Policy

Making it easier to set up and run a charity, social enterprise, or voluntary organisation

Issue

Charities, social enterprises and voluntary organisations (also known as the voluntary, community and social enterprise (VCSE) sector) exist to help others, often helping people to improve their lives and communities. A vibrant civil society can also make a big contribution to economic growth and better public services.

These organisations are sometimes frustrated by red tape or other problems, or because they don’t have the support they need to do their work.

We want to make it easier to set up and run a charity, social enterprise or voluntary organisation, and for organisations to get the help and support they need to grow and be able to carry out more of their important work.

Actions

We are removing red tape and improving regulation by:

We are improving the support available to VCSE organisations by:

We will help the VCSE sector grow its skills and leadership talent, and manage new opportunities and risks better by:

We have extended an exception (allowing some religious charities not to register with the Charity Commission) until 31 March 2021. This will give the charities and the Charity Commission time to prepare as all charities move towards consistent regulation.

Background

The Office for Civil Society was created to support and strengthen the varied range of organisations that make up civil society. Its long term strategy is built around 3 goals:

  • make it easier to run a charity, social enterprise or voluntary organisation
  • get more resources into the sector and strengthen its independence and resilience
  • make it easier for civil society organisations to do business with the state

These were set out in Building a stronger civil society: a strategy for voluntary and community groups, charities and social enterprises, published in 2010.

The Coalition programme for government included the government’s plans for reform and set out how government intends to give communities more power and encourage people to take an active role in their communities.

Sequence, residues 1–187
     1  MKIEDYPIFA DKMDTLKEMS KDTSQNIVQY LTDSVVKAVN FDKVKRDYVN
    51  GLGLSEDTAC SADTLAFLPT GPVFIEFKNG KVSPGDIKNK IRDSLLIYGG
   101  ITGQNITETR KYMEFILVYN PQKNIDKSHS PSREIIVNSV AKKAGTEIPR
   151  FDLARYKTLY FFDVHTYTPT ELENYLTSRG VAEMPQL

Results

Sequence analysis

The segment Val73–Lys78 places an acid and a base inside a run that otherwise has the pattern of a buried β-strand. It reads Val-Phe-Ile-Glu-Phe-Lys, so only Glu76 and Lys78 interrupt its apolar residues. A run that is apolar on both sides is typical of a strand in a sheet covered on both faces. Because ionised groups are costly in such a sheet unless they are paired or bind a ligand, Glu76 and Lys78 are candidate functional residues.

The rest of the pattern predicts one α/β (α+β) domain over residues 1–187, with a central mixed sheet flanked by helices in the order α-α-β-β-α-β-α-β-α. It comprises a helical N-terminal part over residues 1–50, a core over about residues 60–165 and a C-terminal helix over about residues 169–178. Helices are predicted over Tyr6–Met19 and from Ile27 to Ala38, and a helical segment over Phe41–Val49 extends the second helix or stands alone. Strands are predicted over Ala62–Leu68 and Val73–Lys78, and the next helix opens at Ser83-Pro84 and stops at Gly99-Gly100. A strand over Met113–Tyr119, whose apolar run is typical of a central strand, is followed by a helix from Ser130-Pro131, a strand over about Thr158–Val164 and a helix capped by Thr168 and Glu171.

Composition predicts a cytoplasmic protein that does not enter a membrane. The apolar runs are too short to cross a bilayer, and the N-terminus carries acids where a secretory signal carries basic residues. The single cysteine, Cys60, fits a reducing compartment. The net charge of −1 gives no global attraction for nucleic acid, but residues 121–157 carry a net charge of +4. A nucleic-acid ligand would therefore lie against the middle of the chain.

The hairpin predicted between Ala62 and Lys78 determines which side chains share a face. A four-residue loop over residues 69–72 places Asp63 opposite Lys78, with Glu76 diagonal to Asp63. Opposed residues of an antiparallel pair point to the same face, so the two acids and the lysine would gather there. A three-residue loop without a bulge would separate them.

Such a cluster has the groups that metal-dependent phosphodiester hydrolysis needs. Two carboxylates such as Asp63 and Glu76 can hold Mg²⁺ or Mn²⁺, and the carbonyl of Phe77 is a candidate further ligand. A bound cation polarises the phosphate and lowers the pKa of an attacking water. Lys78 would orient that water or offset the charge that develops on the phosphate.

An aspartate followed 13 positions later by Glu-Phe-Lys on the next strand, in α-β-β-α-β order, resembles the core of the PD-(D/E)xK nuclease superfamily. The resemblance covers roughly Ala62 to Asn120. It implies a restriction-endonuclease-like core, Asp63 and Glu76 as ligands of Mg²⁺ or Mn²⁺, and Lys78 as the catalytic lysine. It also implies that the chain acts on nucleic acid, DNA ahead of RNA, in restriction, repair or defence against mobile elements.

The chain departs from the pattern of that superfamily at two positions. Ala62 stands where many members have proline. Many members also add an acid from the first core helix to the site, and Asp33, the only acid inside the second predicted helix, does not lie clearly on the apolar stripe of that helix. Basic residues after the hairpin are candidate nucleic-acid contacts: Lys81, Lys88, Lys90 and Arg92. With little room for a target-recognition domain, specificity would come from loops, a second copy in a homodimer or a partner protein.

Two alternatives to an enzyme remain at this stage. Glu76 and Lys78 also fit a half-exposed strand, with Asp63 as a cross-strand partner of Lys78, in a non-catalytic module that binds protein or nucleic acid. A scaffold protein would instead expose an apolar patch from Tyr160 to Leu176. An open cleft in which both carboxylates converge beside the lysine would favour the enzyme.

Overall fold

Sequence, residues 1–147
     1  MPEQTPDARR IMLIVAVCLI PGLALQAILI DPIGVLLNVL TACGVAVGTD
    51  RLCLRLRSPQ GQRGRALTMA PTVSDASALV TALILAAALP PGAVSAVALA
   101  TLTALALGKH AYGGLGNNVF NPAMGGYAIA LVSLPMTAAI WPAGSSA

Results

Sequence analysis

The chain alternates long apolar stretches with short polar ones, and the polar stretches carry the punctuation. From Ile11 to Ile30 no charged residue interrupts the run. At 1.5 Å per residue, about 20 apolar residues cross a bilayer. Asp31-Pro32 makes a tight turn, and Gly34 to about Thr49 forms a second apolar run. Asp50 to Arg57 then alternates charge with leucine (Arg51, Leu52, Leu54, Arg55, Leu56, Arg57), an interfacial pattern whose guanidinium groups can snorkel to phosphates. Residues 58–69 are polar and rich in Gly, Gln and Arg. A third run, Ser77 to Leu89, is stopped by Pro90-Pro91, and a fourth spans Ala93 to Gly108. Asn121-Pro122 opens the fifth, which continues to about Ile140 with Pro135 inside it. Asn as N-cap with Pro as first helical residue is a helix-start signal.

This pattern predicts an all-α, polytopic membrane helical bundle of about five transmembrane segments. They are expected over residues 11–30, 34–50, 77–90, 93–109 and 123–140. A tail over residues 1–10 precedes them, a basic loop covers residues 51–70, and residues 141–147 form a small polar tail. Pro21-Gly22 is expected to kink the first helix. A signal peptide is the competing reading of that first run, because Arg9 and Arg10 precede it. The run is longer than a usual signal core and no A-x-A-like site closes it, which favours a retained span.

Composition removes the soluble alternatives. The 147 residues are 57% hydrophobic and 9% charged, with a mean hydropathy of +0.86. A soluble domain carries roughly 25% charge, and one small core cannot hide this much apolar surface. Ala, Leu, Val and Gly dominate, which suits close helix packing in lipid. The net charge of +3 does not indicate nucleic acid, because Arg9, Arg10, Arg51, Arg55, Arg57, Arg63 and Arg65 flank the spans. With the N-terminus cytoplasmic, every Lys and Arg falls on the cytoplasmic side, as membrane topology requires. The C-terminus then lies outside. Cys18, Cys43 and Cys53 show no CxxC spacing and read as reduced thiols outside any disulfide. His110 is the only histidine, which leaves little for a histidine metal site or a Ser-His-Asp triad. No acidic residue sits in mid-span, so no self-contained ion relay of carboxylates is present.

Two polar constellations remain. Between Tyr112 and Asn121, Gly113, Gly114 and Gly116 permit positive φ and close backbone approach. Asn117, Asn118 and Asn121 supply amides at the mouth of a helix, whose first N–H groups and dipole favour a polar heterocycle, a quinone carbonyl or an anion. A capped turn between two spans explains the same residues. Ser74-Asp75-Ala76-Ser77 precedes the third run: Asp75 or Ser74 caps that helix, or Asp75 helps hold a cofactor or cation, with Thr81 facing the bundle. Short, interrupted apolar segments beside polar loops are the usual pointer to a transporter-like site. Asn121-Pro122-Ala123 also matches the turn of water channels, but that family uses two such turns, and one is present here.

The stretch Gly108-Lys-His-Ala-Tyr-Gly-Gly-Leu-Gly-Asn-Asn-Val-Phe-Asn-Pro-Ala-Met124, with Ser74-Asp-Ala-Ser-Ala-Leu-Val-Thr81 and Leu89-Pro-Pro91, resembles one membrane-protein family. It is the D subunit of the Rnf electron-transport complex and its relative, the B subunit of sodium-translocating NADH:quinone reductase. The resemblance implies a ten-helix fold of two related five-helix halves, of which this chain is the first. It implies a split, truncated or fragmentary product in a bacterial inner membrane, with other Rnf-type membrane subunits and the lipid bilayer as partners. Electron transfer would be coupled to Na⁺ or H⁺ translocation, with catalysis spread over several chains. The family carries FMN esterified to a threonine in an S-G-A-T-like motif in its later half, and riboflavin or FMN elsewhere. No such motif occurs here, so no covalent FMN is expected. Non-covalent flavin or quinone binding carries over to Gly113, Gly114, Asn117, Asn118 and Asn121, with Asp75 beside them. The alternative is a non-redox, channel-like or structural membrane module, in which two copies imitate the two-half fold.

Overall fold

Who we’ve consulted

In May 2012, the Civil Society Red Tape Challenge put 3 questions to the public and civil society organisations (CSOs) about what they think will make it easier to be able to run or be involved in a civil society organisation:

  • is there red tape that stops you giving your time or money?
  • if you run a civil society organisation are there rules and regulations that stop you making it more successful?
  • should it be easier to invest in social ventures?

The Civil Society Red Tape Challenge was open to answers and suggestions from May to mid-September 2012. We are now taking action to tackle the existing rules and regulations that are getting in the way of civil society organisations.

Bills and legislation

The Charities Act 2011 provides the legal and regulatory framework for charities in England and Wales and combines previous charity legislation. The act covers important rules, such as the definition of a charity, the requirement of charities to register with the Charity Commission, and how to prepare and submit annual accounts and reports.

The Charities Act 1992 and Charities Act 2006 contain some important rules on fundraising.

Who we’re working with

As representatives of a broad cross-section of civil society organisations, the Office for Civil Society Strategic Partners help their members understand and benefit from new opportunities arising from the government’s localism, open public services and giving agendas.

The Office for Civil Society Strategic Partners programme funds 8 VCSE sector partners to:

  • represent the sector to government
  • support partners so they can become independent of government funding
  • support the development of a stronger civil society by running training and development activities, contributing to policy development, and working with civil society organisations

We are providing around £8.2 million in funding over the 4 year programme. The largest portion is given in the first year with the amount decreasing each year.

There are 8 strategic partners:

  • Association of Chief Executives of Voluntary Organisations (ACEVO), in partnership with Euclid Network and New Philanthropy Capital (NPC)
  • National Council of Voluntary Organisations (NCVO) - including Volunteering England
  • National Association for Voluntary and Community Action (NAVCA)
  • Locality
  • UK Community Foundations (UKCF) in partnership with Association of Charitable Foundations (ACF)
  • Institute of Fundraising
  • Social Entrepreneurship Partnership (School for Social Entrepreneurs, UnLtd, CAN, Plunkett Foundation and Social Firms UK)
  • Social Enterprise UK in partnership with Co-operatives UK

There are 3 main features to the commitments the strategic partners made as part of the programme:

  1. Continued representation of the sector to government and vice-versa, including providing visits and events for ministers and officials – a main requirement of the programme

  2. Office for Civil Society (OCS) Priority Themes – these are a small number of cross-cutting themes that the Strategic Partners work together on and share expertise, with an aim to achieve better results for the sector

  3. Partners’ specific offer to the Office for Civil Society – these activities were included in their original bids to join the programme and, in many cases, involve their core activities and help support the programme’s objectives eg NCVO’s Third Sector Almanac

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